Lawmakers are required to file financial disclosure reports so voters know all of their sources of income and potential conflicts of interest. Rep. Todd Akin, however, left off his report income he gets from a Missouri state pension, an issue now surfacing in his Senate bid.
JEFFERSON CITY, Mo. (AP) — Missouri congressman Todd Akin has amended a decade's worth of federal financial reports to add nearly $130,000 in state pension income that he received over that time.
Akin's campaign provided The Associated Press with a copy of the updated personal financial disclosure reports Thursday after being asked why he had not listed his retirement benefits. Akin's office released a letter dated Tuesday to the House clerk in which the Republican congressman described the lack of information about his pension payments as an "unintentional oversight."
Akin and Democratic Sen. Claire McCaskill, whom he is challenging in the Nov. 6 election, both receive pensions from their prior service in state government, as do three other members of Missouri's congressional delegation. Yet Akin was the only one of them who had not reported his pension payments.
His amended report shows Akin received $15,138 in annual pension payments last year and has received a total of $129,109 from his state pension since 2002. Akin is due a state pension because he served 12 years in the state House before winning election to Congress in 2000.
McCaskill, who previously served as Missouri auditor and a state House member, reported a pension payment of $40,031 last year. That was the most among Missouri's congressional delegation. Republican Sen. Roy Blunt, a former secretary of state, reported a state pension payment of $36,721; Republican Rep. Blaine Luetkemeyer reported a state pension of $12,600; and Democratic Rep. William Lacy Clay reported a state pension of $8,787.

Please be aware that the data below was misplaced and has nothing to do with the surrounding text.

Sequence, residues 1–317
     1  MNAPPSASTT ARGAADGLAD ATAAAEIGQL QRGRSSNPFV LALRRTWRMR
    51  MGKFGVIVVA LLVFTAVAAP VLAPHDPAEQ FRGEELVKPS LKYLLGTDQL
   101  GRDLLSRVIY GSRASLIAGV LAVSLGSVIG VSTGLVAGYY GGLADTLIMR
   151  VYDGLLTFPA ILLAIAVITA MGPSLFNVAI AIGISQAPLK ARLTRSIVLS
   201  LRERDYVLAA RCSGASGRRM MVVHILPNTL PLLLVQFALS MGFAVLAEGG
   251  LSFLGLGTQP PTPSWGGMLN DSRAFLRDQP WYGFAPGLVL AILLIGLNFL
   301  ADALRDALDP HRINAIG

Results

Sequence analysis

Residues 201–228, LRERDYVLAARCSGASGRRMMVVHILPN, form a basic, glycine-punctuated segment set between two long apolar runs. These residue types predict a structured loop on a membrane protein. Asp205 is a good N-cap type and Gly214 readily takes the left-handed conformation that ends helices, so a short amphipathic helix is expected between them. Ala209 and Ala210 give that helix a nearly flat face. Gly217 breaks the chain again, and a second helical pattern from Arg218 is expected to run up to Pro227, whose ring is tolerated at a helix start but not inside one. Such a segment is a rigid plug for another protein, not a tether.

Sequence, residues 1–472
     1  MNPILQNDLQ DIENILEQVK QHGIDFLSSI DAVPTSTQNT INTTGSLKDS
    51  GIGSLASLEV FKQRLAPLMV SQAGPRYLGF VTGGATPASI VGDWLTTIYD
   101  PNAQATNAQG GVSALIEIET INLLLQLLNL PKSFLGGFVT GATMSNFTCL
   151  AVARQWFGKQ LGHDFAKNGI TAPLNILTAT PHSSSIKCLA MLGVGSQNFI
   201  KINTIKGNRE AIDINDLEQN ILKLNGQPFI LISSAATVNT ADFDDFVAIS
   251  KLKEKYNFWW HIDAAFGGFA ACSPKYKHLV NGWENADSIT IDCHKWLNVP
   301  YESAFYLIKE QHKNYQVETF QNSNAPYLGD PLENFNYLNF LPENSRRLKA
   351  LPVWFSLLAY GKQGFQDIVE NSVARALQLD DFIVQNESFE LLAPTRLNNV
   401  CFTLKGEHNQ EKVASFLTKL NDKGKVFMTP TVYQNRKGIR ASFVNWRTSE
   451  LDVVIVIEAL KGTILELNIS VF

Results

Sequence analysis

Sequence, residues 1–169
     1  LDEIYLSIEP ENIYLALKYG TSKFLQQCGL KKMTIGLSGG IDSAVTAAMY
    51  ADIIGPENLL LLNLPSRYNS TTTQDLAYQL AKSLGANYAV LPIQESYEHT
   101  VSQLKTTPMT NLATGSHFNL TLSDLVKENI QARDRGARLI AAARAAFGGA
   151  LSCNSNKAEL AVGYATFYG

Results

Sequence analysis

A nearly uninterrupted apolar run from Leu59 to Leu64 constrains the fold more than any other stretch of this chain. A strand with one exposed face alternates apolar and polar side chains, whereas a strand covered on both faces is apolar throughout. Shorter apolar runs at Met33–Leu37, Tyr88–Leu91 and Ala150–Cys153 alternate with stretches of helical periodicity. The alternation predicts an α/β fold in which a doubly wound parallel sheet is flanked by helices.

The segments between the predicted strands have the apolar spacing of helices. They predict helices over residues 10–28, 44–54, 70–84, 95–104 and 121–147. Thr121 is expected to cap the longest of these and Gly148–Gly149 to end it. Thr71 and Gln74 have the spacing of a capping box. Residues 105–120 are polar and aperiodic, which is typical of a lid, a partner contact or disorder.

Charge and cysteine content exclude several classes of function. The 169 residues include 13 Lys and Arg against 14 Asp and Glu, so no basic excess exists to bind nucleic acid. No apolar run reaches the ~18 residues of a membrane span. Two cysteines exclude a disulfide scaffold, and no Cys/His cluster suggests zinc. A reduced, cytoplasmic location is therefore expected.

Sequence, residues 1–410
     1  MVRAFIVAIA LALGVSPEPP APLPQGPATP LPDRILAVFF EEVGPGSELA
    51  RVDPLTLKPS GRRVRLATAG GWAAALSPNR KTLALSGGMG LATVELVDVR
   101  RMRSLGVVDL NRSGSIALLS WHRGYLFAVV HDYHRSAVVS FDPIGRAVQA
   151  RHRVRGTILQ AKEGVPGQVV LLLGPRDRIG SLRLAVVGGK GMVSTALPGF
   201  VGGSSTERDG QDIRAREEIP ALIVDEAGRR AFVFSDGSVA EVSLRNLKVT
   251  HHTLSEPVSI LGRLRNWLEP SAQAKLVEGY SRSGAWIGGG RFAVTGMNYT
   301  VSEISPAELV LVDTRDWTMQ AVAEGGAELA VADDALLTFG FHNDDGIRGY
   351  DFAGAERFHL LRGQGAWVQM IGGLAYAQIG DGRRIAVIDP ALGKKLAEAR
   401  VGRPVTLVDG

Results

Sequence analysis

This marks the second time that Akin has amended a decade's worth of personal financial disclosure reports while running for the Senate.
In July 2011, Akin amended his reports from 2001 through 2010 to show his stake in properties owned by family partnerships in the St. Louis and Cape Cod, Mass., areas. A spokesman said at the time that Akin did not originally think the items needed disclosure because he has no controlling interest and received no money from the properties, but he later listed them based on an advisory opinion he sought from the House Ethics Committee.
Akin included those properties on the annual report he filed this May, valuing his share of the Massachusetts property between $250,001 and $500,000 and his share of the two St. Louis area properties between $15,001 and $50,000 each. The financial reporting forms categorize assets by dollar-value ranges, instead of requiring a precise figure.